General practitioners residing on the North Coast are invited to attend the Northern Rivers General Practice Network (NRGPN) Annual General Meeting on Thursday, 14 December 2017 at 6.30 p.m. The meeting will be held at the St Vincent's Education Centre, Dalley Street, Lismore. Those unable to attend may vote by completing the Proxy Form and returning it to the NRGPN prior to 8 December.

There are three Director positions to be filled on the Board for the 2018-2019 period and members are invited to nominate for these positions. The Nomination Form should reach the NRGPN via email or fax before close of business on 7 December 2017. A NRGPN Board position currently carries a stipend set at $2,000. 

The AGM Agenda includes acceptance of the Minutes of the 2016 AGM and Financial Statements and presentation of the Chairman's Report.

The meeting will conclude at 7.00 p.m. and be followed by a one hour discussion on the future direction for the NRGPN.

Speakers John Langill of North Coast General Practice Training, Dr Louise Imlay-Gillespie, haematologist Northern NSW Local Health District, and local GP, Dr Arthur Proudfoot, will present their ideas for improving medical communication and education on the North Coast.

The Future Directions discussion is open to both members and non-members.

Dr David Guest 

 

Do not go gentle into that good night,
Old age should burn and rave at close of day;
Rage, rage against the dying of the light.

...

Do not go gentle into that good night
Dylan Thomas, 1914 - 1953

The Pap smear is gone. Welcome the CST (Cervical Screening Test). December 1 marks the change over to the new system. General practitioners have been inundated with information about the new test but on page 23 Dr Ruth Tinker gives the one page guide for the busy GP.

Change in medical practice happens slowly but the understanding of the biology of human papilloma virus and the advent of early virus detection together with a nationwide vaccination program will further reduce the mortality from this deadly disease. The management of positive results will be addressed in a subsequent article.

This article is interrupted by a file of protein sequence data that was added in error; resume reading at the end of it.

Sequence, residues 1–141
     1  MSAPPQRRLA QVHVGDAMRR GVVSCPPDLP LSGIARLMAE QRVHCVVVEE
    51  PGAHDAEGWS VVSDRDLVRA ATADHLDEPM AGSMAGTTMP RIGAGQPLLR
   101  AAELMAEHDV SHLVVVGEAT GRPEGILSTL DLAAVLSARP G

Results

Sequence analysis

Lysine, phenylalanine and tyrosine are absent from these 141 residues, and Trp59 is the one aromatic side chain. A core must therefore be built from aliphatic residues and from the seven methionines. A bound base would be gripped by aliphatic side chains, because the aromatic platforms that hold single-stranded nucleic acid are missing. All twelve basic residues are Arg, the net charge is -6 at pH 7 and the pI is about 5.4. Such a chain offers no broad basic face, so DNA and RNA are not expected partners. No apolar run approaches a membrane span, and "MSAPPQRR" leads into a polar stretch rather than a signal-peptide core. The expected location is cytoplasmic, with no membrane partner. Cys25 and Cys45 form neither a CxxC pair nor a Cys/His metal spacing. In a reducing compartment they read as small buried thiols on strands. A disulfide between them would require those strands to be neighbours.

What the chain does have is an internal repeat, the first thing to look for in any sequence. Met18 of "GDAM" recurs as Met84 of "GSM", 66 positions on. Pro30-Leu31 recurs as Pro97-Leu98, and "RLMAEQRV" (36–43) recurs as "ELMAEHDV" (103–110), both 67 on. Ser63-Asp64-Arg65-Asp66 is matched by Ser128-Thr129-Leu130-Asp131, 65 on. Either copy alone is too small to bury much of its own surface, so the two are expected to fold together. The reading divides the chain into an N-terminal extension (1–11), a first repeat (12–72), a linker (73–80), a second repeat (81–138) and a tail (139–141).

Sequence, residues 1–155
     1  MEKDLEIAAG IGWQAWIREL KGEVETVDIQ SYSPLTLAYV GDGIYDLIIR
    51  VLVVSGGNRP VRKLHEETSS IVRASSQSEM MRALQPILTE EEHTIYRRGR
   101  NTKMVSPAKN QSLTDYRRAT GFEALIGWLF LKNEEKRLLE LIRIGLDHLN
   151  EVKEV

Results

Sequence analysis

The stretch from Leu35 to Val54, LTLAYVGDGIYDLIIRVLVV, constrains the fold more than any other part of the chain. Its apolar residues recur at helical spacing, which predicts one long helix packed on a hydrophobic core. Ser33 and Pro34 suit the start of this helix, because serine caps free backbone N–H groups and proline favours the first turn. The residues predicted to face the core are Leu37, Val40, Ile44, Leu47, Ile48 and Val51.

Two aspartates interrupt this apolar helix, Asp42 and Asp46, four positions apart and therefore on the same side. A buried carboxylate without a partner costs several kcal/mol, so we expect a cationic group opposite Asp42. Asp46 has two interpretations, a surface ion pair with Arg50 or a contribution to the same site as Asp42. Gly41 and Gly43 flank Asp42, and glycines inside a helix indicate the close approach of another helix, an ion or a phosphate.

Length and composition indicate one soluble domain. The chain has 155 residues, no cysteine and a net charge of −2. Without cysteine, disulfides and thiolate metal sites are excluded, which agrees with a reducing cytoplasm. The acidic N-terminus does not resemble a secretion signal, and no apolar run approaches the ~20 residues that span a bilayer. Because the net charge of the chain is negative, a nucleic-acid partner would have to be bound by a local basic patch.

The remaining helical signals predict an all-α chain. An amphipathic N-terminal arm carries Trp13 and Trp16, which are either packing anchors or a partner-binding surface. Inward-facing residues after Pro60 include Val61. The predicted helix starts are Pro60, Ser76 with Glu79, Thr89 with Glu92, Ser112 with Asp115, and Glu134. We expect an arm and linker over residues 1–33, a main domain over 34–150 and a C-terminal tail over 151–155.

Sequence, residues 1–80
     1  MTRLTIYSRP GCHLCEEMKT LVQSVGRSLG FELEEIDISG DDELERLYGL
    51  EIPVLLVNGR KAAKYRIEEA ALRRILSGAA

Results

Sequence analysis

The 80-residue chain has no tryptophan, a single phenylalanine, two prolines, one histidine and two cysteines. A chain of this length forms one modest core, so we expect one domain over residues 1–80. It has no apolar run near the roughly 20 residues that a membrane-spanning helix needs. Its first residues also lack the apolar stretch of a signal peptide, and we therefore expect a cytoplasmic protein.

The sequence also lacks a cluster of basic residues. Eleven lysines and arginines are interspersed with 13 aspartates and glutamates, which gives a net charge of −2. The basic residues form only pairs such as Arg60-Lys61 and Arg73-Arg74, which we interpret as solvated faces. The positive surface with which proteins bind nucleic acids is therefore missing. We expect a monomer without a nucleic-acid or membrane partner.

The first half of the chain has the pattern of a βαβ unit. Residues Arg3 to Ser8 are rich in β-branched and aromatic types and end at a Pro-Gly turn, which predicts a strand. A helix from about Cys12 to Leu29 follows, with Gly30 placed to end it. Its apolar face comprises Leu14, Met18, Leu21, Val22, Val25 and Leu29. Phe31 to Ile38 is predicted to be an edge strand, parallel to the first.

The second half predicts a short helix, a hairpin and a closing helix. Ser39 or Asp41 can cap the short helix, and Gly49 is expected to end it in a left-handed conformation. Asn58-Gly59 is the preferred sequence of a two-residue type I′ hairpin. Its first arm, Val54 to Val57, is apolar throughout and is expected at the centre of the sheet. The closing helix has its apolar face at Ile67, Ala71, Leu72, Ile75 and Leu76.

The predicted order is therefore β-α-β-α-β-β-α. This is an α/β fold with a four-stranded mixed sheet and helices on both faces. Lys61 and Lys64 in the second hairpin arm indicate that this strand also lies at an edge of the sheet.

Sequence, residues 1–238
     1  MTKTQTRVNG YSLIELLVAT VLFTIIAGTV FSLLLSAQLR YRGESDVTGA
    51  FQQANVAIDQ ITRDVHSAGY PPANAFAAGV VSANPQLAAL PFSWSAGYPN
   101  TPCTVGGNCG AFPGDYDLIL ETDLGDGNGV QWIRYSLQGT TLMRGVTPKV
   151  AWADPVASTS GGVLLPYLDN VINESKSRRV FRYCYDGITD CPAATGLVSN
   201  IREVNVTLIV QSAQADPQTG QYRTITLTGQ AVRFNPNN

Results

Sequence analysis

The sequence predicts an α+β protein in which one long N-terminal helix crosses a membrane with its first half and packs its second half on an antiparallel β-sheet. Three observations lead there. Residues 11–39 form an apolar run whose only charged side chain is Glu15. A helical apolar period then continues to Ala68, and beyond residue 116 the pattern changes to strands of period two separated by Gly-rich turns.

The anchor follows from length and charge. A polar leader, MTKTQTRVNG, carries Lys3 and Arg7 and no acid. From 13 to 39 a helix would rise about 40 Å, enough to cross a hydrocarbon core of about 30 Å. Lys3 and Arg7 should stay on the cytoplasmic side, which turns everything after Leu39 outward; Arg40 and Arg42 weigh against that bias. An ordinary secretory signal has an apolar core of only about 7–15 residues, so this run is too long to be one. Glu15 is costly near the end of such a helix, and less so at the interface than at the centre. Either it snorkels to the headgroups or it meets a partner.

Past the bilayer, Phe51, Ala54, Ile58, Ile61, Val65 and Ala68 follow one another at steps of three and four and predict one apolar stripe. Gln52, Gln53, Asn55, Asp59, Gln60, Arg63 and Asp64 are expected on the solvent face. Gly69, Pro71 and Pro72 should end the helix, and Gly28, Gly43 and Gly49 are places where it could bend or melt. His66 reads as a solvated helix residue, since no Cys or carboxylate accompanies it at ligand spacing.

female icons

A new cervical screening began nationally on 1 December 2017.  It will use an HPV DNA test rather than examining cervical cells on a microscope slide (Papanicolaou test). The sample is still collected from the cervix using a vaginal speculum to ensure accurate collection.

So from the point of view of the woman being screened, the process is the same. However because of greater accuracy, if negative, the screening interval will extend to five years. Practices will need to review their recall protocols to conform to the new program.

The program is based on an understanding that more than 99 per cent of cervical cancer is caused by HPV. This includes squamous cell and adenocarcinoma. A third type of cervical cancer, neuroendocrine or small cell cervical cancer, is often more aggressive, but accounts for less than 1 per cent of cervical cancers. Neither the Pap test nor the new Cervical Screening Test effectively detects neuroendocrine cancers.

All women who have symptoms still need investigation, regardless of when they were screened last.

Your brain knows more than you think

 

Your Brain Knows More Than You Think   - the new frontiers of neuroplasticity
Niels Birbaumer (Scribe 262 pp)

Lamenting how society ascribes ‘immutability’ to our brains, psychologist and neurobiologist Niels Birbaumer sets out to explain how the latest brain-machine interface (BMI) technology can help address a range of severe conditions, and in so doing mounts a strong case against euthanasia.
While he may be just the latest author to explore neuroplasticity, “the virtually limitless capacity of the brain to remould itself,” he takes a different, i.e. more technological, tack to the likes of the great Norman Doige (The Brain that Changes Itself, and The Brain’s Way of Healing).
The main difference is the use of BMI, which in various forms creates a ‘neurofeedback’ loop in a series of steps, from the brain to MRI signal reception, thence brain-image transfer and signal analysis by computer program, transfer of processed brain activity to the BMI software and finally, feedback of blood flow in the brain.

Ruth and her cousin at Neko Harbour with flag showing the continent of Antarctica.

Antarctica has been on my bucket list for many years. Earlier this year I ticked that box.

After meeting the group in Buenos Aires we flew to Ushuaia, the main departure point for the Antarctic Peninsula. Our ship Ocean Endeavour took 199 passengers but was dwarfed by the Princess cruise liner moored across the dock, and another expedition ship still bigger than our own.

We set sail through the Beagle Passage, and rumours soon circulated that we had “Shackletons aboard”.  Indeed, we did have some distant cousins of the famed Sir Ernest Shackleton, who were soon sharing stories of the great man’s exploits. The journey became infused with the Shackleton influence with several of our landings linked to the story of the miraculous rescue of his crew from the Endurance. 

One of our landing groups was named ‘Shackleton’, the others ‘Crean’, ‘Worsley’ and ‘Wild’ in recognition of some of his team.